Gaze-Dependent Distortion Correction for Thick Lenses in HMDs
PubDate: August 2019
Teams: University of Erlangen-Nuremberg
Writers: Jonathan Martschinke; Jana Martschinke; Marc Stamminger; Frank Bauer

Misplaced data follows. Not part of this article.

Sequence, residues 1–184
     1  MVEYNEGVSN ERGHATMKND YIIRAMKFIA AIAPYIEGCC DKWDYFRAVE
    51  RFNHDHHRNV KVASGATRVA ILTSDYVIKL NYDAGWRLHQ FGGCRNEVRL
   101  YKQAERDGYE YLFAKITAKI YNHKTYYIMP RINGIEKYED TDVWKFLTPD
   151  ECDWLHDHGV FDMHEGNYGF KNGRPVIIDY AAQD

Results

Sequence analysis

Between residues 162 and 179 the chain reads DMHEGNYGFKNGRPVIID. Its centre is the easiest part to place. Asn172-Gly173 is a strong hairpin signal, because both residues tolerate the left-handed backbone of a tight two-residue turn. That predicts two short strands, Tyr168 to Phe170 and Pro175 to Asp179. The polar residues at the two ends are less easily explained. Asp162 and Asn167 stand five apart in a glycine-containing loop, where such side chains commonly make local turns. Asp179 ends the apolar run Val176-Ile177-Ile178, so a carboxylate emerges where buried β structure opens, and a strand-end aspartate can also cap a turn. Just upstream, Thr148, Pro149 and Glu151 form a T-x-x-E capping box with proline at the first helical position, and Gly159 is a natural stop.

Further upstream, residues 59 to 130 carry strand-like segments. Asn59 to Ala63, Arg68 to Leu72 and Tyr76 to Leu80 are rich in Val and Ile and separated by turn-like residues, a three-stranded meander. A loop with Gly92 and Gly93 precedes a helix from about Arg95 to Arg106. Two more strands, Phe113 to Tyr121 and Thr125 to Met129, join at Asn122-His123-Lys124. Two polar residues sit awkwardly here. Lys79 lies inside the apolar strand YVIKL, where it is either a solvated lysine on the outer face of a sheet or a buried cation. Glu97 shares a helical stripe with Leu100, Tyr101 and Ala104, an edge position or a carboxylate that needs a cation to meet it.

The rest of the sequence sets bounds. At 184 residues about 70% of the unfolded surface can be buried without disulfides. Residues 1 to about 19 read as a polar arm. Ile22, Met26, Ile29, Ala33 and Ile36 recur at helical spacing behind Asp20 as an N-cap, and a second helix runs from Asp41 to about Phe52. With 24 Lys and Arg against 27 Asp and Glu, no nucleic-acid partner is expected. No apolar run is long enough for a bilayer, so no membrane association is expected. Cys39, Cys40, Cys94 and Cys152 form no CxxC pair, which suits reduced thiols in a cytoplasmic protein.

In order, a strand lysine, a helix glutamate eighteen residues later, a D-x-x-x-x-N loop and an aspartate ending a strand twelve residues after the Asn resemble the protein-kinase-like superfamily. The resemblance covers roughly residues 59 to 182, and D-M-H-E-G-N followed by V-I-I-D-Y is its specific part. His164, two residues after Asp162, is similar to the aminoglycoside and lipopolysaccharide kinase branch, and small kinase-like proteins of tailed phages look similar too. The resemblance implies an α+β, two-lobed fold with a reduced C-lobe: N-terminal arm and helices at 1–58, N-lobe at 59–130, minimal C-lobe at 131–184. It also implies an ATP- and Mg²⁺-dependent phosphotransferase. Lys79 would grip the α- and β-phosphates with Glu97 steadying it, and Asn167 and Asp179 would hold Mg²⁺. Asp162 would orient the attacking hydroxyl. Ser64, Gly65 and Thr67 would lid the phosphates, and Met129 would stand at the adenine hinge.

Common VR headsets require lenses that increase the field of view and allow the user to focus the display. In most systems, thick lenses are used that generate strong pincushion distortions. To account for this, the content is warped by a corresponding barrel distortion before displaying, resulting in undistorted images for the viewer. This approach assumes that the eye is exactly positioned, typically on the optical axis of the lens. However, in real systems the eye’s location deviates from this optimal position even at rest; moreover, the pupil – and thus the optical center of the eye – moves by several millimeters when the user looks around. Thus, eye movement results in additional distortion, which is ignored in current VR headsets. Also in literature on head-mounted displays, the effect is most often not considered, or at least badly documented. The contribution of this paper are experiments that emphasize the importance of this mostly ignored effect. To this end, we have built a simple setup with a camera at variable eye positions in a standard VR headset, that allows us to directly measure the variation of distortion during eye movement. Our experiments show that distortion varies by several dozens of pixels within the full range of eye movements, which emphasizes that the effect is definitely significant. We also demonstrate how in a headset with built-in eye tracker, the knowledge of the eye position can be used to achieve a view-dependent lens correction with only minimal additional effort at run-time.